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United States Department of Agriculture

Agricultural Research Service

Title: Increased (ALPHA)-tocopherol content in soybean seed overexpressing the Perilla frutescens (GAMMA)-tocopherol methyltransferase gene

Authors
item Tavva, Venkata - UK AGRONOMY
item Kim, Yul-Ho - NIC-KOREA
item Kagan, Isabelle
item Dinkins, Randy
item Kim, Kyung-Hwan -
item Collins, Glenn -

Submitted to: Plant Cell Reports
Publication Type: Peer Reviewed Journal
Publication Acceptance Date: July 15, 2006
Publication Date: August 15, 2006
Citation: Tavva, V.S., Kim, Y., Kagan, I., Dinkins, R.D., Kim, K., Collins, G.B. 2006. Increased (ALPHA)-tocopherol content in soybean seed overexpressing the Perilla frutescens (GAMMA)-tocopherol methyltransferase gene. Plant Cell Reports. 26:61-70.

Interpretive Summary: Tocopherols, which are the precursors to Vitamin E, are synthesized by photosynthetic organisms with antioxidant properties, play important roles in human and animal nutrition. In crop plants, (gamma)-tocopherol, the biosynthetic precursor to (alpha)-tocopherol, is the predominant form found in the seed, whereas (alpha)-tocopherol is the most bioactive form of Vitamin E. This suggests that the final step of the (alpha)-tocopherol biosynthetic pathway catalyzed by the enzyme, (gamma)-tocopherol methyltransferase, is limiting in soybean seed. Soybean oil occupies the major part of the edible oil consumed, therefore manipulating the tocopherol biosynthetic pathway in soybean seed to convert tocopherols to most active (alpha)-tocopherol form could have significant health benefits. In order to increase the soybean seed (alpha)-tocopherol content, the (gamma)-tocopherol methyltransferase [(gamma)-TMT] gene isolated from the Perilla frutescens was overexpressed specifically in the seed. One transgenic plant was recovered and the progeny analyzed for two generations. The data obtained on the tocopherol content demonstrate that the seed specific expression of P. frutescens (gamma)-TMT gene resulted in a dramatic change in the tocopherol composition of the transgenic soybean seed compared to wild-type seed. On average a 10.4-fold increase in the (alpha)-tocopherol content and a 14.86-fold increase in the (beta)-tocopherol content were observed in the T2 seed. Given the relative contributions of the different tocopherols to vitamin E activity, the activity in T2 seed was calculated to be 4.8-fold higher than in wild-type seed. The increase in the (alpha)-tocopherol content of the soybean seed could have the potential to significantly increase the dietary intake of vitamin E.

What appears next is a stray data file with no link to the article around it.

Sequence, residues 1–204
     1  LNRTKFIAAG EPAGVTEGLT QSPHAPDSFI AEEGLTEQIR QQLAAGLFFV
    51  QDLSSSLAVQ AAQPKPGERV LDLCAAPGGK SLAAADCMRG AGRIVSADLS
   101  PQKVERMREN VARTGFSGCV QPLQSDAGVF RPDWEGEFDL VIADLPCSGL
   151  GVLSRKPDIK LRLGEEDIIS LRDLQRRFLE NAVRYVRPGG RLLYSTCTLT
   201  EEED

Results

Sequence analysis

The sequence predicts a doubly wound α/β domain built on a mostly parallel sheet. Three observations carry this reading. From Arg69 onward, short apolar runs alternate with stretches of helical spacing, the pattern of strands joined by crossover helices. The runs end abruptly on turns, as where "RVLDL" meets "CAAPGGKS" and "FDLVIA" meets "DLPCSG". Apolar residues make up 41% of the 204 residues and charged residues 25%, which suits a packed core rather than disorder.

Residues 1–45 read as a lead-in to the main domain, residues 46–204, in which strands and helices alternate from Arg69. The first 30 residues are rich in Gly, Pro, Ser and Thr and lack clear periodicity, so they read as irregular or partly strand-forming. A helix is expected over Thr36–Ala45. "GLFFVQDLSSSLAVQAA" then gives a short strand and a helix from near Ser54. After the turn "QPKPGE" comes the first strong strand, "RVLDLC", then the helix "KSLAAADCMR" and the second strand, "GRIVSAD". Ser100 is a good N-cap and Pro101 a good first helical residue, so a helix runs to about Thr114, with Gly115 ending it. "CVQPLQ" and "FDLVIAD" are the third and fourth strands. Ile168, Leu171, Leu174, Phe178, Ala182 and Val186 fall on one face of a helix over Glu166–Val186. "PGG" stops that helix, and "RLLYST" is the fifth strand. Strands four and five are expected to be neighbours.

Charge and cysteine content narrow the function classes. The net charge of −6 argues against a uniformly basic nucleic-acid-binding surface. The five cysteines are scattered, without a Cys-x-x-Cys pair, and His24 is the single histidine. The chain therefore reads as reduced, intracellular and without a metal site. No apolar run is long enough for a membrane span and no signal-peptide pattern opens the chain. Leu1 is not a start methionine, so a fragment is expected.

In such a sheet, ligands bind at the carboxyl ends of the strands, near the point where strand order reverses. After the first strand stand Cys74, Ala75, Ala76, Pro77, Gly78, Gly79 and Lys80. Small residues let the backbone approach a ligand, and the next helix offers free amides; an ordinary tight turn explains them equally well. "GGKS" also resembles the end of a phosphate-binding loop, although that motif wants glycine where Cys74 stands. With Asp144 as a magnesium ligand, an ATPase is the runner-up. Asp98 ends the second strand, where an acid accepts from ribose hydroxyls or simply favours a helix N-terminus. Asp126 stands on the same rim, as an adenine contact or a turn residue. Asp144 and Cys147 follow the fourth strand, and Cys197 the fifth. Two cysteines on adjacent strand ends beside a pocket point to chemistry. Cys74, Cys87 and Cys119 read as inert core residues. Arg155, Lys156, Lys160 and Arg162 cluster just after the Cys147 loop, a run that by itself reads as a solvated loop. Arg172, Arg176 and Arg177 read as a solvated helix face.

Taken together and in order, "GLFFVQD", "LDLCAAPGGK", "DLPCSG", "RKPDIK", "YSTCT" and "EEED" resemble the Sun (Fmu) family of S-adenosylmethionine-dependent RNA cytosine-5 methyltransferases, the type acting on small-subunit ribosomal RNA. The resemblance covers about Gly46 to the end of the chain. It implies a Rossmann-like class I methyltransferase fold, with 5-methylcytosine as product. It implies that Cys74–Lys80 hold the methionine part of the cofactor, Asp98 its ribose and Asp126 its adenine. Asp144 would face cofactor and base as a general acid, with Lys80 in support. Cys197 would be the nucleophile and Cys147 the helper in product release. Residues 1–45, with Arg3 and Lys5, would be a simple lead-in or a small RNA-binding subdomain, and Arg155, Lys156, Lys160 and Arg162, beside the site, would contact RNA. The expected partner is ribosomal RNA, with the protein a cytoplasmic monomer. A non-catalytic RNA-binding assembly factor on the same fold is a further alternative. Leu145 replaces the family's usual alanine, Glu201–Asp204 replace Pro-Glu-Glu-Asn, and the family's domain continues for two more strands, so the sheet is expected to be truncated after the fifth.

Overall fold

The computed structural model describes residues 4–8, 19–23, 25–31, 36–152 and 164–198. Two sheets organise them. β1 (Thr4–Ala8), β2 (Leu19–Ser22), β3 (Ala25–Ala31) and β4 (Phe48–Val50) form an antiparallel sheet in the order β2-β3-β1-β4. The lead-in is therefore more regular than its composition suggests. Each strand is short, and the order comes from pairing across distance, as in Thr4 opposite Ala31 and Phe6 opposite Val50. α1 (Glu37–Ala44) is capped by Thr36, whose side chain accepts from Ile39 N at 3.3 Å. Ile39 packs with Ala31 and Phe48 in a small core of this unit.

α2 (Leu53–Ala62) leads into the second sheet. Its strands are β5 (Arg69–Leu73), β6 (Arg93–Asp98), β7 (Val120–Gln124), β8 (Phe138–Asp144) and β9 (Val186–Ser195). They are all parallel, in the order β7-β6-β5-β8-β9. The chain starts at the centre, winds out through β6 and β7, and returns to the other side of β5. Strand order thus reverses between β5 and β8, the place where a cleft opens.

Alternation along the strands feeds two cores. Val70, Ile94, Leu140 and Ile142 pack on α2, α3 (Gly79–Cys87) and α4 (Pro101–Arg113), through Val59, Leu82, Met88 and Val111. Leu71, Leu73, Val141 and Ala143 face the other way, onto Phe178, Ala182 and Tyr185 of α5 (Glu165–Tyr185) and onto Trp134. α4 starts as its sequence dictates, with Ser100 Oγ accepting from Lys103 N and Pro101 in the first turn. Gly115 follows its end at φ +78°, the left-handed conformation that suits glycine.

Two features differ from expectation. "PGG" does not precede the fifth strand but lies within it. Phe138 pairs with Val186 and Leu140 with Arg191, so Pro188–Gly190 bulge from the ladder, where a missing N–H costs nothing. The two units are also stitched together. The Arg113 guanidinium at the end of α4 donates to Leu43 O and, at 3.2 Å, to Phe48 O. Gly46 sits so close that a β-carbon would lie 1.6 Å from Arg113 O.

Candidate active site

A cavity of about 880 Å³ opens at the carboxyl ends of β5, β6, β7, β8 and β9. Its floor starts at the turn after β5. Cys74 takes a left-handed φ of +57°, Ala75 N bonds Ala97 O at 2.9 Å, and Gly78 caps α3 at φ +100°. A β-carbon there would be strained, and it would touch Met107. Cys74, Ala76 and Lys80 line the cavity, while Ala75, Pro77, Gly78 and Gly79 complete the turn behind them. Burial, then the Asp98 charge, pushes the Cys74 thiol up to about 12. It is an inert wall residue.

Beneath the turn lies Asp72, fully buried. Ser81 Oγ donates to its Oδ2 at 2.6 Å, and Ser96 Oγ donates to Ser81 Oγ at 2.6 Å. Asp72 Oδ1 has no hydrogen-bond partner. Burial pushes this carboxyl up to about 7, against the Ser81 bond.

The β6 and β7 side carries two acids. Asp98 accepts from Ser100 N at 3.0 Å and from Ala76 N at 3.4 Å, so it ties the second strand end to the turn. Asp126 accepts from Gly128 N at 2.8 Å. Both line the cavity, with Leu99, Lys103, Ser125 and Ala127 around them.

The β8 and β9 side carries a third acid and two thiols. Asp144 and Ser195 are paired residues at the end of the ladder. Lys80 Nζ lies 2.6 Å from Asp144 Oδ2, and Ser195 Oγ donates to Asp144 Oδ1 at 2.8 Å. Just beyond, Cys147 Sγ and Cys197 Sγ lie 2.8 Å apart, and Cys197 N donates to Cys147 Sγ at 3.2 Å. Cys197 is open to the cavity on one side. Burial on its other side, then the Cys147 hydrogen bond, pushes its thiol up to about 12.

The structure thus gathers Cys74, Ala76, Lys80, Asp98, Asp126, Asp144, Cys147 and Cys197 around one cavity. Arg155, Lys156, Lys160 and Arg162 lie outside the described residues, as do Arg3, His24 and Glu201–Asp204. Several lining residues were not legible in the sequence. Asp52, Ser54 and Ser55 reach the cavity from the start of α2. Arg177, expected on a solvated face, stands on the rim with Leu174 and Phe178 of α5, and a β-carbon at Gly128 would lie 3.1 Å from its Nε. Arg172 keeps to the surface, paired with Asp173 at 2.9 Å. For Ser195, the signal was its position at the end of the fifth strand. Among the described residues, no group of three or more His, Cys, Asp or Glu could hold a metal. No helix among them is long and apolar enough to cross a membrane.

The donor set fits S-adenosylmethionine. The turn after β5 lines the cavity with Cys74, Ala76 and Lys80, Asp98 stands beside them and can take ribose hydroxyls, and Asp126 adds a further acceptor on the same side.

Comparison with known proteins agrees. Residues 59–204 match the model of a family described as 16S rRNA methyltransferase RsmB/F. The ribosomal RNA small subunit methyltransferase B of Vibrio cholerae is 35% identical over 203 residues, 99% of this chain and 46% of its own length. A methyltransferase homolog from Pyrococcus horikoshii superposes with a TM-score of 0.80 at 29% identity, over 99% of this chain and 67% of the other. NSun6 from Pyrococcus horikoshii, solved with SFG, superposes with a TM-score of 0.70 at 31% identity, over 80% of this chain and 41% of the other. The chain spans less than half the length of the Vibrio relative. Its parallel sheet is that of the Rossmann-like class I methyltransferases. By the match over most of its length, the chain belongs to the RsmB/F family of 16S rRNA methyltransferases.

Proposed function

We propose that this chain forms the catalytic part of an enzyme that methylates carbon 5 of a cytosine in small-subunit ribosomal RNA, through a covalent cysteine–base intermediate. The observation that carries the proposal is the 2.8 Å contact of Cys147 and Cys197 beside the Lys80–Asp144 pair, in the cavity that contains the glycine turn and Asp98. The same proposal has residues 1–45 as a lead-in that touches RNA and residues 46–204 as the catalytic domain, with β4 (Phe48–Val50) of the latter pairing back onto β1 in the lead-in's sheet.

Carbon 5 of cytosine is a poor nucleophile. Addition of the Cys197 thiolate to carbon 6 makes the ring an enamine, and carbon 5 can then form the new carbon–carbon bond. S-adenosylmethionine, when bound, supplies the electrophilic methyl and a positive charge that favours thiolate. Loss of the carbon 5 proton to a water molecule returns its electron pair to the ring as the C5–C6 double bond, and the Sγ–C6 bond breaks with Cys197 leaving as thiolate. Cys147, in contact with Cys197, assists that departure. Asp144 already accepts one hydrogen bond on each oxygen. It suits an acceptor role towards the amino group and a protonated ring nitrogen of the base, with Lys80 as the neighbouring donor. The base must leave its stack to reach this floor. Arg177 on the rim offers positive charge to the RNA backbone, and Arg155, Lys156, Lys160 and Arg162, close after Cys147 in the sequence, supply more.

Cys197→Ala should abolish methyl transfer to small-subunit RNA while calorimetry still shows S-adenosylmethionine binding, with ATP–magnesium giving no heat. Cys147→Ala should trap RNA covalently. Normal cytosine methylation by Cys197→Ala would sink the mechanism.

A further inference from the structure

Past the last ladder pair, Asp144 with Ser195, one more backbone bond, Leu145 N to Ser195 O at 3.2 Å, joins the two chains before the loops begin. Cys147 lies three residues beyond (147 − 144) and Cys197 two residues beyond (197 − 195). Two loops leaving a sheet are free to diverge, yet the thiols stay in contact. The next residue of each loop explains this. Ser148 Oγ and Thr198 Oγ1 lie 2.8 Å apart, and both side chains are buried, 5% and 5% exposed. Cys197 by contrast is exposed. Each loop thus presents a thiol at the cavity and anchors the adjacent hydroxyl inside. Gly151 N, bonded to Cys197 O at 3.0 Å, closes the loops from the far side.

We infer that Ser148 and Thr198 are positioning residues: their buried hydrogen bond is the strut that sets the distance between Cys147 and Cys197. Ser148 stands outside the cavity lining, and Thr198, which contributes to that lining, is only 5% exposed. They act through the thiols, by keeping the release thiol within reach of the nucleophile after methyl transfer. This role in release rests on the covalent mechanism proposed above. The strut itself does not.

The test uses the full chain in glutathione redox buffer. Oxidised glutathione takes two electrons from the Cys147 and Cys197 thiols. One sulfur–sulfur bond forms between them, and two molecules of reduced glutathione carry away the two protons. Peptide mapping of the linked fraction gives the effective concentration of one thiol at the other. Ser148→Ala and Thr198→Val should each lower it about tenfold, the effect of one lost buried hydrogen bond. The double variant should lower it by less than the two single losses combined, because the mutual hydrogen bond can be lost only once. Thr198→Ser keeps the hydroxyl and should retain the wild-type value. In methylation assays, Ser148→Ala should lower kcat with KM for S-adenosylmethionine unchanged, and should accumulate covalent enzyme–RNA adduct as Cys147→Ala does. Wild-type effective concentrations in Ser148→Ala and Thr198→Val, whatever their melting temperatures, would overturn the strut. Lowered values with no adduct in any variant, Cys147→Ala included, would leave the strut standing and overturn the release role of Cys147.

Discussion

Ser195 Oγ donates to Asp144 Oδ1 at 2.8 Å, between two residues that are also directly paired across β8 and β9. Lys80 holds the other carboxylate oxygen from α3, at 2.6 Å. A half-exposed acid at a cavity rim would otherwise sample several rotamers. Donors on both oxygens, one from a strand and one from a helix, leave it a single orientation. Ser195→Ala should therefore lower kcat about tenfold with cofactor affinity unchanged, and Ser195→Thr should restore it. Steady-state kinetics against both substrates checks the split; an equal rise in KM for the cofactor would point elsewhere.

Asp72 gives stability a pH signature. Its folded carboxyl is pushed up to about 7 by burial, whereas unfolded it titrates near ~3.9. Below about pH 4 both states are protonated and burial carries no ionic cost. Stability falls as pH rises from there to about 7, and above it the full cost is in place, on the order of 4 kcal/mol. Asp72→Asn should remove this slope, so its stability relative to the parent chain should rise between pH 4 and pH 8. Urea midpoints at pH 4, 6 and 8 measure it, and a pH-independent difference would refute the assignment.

Technical Abstract: Tocopherols, synthesized by photosynthetic organisms with antioxidant properties, play important roles in human and animal nutrition. In crop plants, (gamma)-tocopherol, the biosynthetic precursor to (alpha)-tocopherol, is the predominant form found in the seed, whereas (alpha)-tocopherol is the most bioactive component. This suggests that the final step of the (alpha)-tocopherol biosynthetic pathway catalyzed by (gamma)-tocopherol methyltransferase is limiting in soybean seed. Soybean oil occupies the major part of the edible oil consumed, therefore manipulating the tocopherol biosynthetic pathway in soybean seed to convert tocopherols to most active (alpha)-tocopherol form could have significant health benefits. In order to increase the soybean seed (alpha)-tocopherol content, the (gamma)-tocopherol methyltransferase [(gamma)-TMT] gene isolated from the Perilla frutescens was overexpressed using a seed-specific promoter. One transgenic plant was recovered and the progeny analyzed for two generations. The data obtained on the tocopherol content demonstrate that the seed specific expression of P. frutescens (gamma)-TMT gene resulted in a dramatic change in the tocopherol composition of the transgenic soybean seed compared to wild-type seed. On average a 10.4-fold increase in the (alpha)-tocopherol content and a 14.86-fold increase in the (beta)-tocopherol content were observed in the T2 seed. Given the relative contributions of the different tocopherols to vitamin E activity, the activity in T2 seed was calculated to be 4.8-fold higher than in wild-type seed. In addition, the data obtained on lipid peroxidation indicates that (alpha)-tocopherol may have a role in preventing oxidative damage to the lipid components during seed storage and seed germination. The increase in the (alpha)-tocopherol content of the soybean seed could have the potential to significantly increase the dietary intake of vitamin E.

Last Modified: 11/21/2014
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